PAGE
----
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UPDATED: October 14, 2014 NO. 27 JULY 3, 2014
A New Orient?
U.S. pressure against China and Russia is creating a stronger Sino-Russian relationship
By An Gang

In the roughly two decades since the end of the Cold War, the United States, acting as the victor, tried to fill the security vacuum of Europe and squeezed into the geo-strategic space of Russia. But the U.S. move ultimately elicited a strong backlash from Russia. The Russia-Georgia conflict in 2008, the Syrian crisis since 2011 and the recent Ukrainian crisis all saw the resolution of Moscow to prevent NATO from crossing the Dnieper River. Putin's Russia has awoken from the pipe dream of embracing the West in the Boris Yeltsin era and will no longer be subordinate to the West. Russia is seeking to regain a major-power status in its equal interaction with the West and restore its international influence.

The current occupant of the White House cannot see through to the enigmatic inner world of Putin, resulting in misjudgments of Washington in its tactics when contesting with Russia. The expulsion of Russia from the G8 by the U.S.-led Western group has sent a political signal that leaves adequate leeway, warning Moscow to stop before going too far over the Ukrainian crisis and begin talks with the West to delimit the boundary between NATO and Russia. However, the move cannot form a substantial deterrence to Russia but rather adds new proof for the overall decline of the West in the world pattern. Putin is now trying to ease anxiety in the global community over worries that Russia may further seek to divide Ukraine into two parts—just not under the command of the West.

With the collective rise of emerging economies, the proportion of the total GDP of the G7 in the world has dropped from its peak of 70 percent to less than 50 percent. The era of Western dominance is gone forever. Russia, despite losing the membership of the G8 by which it could play a unique role as a bridge between emerging economies and the West, can still exert influence through international organizations such as BRICS, the Group of 20, the Commonwealth of Independent States, the Eurasian Union, the Shanghai Cooperation Organization as well as its partnership with China.

Tripartite ties

Observers are closely watching the complex interactions among China, Russia and the United States with keen interest, looking for hints of changes of the power balance. If a new pattern emerges, these three countries are sure to be at the center of the action.

The three-way relations between China, Russia and the United States are emerging as the most strategic trilateral relationship in the world. They also form the framework of dominant powers' relationships in a multi-polar world. These relations are marked by a tripartite balance of forces. Notably, the three do not constitute an equilateral triangle. From a strategic and military perspective, Russia and the United States are two big nuclear powers as well as military giants while China possesses only a small-scale nuclear arsenal and relatively poor armament systems. In the economic arena, the United States and China are leading global players while Russia acts in a supporting role.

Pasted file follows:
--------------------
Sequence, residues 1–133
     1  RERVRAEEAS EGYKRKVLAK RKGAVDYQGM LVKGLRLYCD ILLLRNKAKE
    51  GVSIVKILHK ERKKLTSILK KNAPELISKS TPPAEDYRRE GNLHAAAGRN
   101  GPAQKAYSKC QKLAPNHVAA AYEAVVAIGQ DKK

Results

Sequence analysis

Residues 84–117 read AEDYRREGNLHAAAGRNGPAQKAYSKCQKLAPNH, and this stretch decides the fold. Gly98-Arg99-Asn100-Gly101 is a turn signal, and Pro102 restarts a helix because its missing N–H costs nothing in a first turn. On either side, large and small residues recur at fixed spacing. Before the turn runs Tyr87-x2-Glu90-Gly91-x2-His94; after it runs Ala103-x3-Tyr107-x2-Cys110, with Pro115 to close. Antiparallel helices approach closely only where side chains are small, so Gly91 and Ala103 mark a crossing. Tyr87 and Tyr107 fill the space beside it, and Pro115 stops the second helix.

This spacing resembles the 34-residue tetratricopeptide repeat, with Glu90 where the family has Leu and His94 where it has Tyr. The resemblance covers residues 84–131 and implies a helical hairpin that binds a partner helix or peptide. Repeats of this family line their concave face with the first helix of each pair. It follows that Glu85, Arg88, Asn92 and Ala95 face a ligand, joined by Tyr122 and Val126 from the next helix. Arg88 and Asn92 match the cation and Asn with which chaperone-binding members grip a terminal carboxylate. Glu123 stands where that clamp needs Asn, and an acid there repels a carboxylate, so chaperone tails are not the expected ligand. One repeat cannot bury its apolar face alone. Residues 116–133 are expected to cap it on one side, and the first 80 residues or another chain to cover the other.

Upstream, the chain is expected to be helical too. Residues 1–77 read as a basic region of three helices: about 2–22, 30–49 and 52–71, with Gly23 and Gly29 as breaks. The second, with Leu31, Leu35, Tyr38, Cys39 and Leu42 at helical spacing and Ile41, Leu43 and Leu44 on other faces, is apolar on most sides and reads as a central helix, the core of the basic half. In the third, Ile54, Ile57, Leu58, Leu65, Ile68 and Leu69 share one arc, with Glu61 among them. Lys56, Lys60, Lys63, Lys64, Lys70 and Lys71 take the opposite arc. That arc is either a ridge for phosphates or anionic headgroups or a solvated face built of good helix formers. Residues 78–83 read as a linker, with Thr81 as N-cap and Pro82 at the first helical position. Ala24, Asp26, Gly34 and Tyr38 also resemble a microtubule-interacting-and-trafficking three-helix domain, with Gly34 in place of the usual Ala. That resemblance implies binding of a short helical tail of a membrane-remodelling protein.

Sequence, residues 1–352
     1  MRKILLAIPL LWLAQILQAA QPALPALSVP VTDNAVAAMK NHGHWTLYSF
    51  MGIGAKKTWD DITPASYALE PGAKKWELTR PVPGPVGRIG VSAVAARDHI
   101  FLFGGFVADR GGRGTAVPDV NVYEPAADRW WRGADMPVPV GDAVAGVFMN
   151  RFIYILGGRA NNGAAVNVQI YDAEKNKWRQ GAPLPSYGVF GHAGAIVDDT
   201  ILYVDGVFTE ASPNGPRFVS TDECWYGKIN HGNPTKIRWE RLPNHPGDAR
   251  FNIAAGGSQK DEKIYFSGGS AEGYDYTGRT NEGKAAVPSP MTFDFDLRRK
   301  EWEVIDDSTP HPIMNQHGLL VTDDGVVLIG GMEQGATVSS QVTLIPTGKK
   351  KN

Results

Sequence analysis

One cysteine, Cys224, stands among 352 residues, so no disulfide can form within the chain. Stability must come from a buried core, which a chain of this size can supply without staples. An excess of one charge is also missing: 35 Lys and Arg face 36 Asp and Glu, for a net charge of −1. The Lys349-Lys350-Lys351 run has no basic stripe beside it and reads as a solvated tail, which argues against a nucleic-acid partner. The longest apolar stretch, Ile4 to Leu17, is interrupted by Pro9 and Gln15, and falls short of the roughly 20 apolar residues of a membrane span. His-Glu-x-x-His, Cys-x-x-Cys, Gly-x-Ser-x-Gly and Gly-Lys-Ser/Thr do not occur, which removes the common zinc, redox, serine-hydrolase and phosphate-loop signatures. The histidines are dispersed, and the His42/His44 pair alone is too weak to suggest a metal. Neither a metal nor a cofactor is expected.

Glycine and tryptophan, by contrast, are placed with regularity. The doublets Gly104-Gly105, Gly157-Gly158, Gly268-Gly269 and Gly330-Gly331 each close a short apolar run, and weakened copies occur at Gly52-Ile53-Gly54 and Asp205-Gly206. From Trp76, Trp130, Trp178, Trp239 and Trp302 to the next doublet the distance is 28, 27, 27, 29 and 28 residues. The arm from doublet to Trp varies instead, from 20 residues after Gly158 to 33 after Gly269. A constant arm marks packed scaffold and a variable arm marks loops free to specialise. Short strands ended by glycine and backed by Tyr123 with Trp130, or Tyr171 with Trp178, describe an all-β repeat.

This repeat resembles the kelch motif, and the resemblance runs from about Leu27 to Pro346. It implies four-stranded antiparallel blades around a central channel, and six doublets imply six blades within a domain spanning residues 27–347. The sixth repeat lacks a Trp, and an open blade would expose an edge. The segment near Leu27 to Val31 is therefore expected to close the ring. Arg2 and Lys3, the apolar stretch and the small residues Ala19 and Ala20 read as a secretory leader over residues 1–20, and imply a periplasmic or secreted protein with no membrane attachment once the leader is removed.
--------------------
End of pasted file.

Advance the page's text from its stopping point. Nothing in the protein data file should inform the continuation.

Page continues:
During the Cold War, China fell between the cracks of the two superpowers and ultimately chose to lean to the United States. Now China can no longer exploit rivalry between two opposing camps, but it has gained the ability to actively leverage competing interests, thus influencing the power balance.

Neither China nor Russia is willing to see the world dominated by a sole superpower. They hope to strengthen their position in dealing with the United States by deepening cooperation with each other. This is the fundamental reason why China and Russia are embracing each other. But both countries have no intention for an "all-out confrontation" with the United States. A "new Orient" might have already come into being, but a "China-Russia alliance" targeting the United States is a figment of scaremongers' imagination.

At the height of the Ukrainian crisis, despite having sympathy for Russia's being besieged by the U.S.-led bloc, China disagreed with Russia's annexation of Crimea as it violated international law. Therefore, China abstained in UN votes on relevant issues. In May, shortly after Petro Poroshenko won the Ukrainian presidential election, President Xi sent a note of congratulations.

The United States, which is still battling the aftermath of the global financial crisis as well as multiple wars, cannot afford a "new Cold War." As an aggressive superpower since the end of the Cold War, the country is on the decline. A world full of challenges and conflicts is a living reality for all the major powers. Thus, the three-way relationship among China, Russia and the United States will eventually return to mutual communication and peaceful cooperation.

At a seminar hosted by the Washington, D.C.-based Center for Strategic and International Studies in early June, former U.S. National Security Advisor Zbigniew Brzezinski, who advocated actively joining hands with China to combat the Soviet Union during the Cold War, noted that the future of the relationship between China, Russia and the United States depends on whether Washington and Beijing will continue to strengthen cooperation. This question will affect the future direction of the China-Russia relationship.

The author is an op-ed contributor to Beijing Review

Email us at: yanwei@bjreview.com

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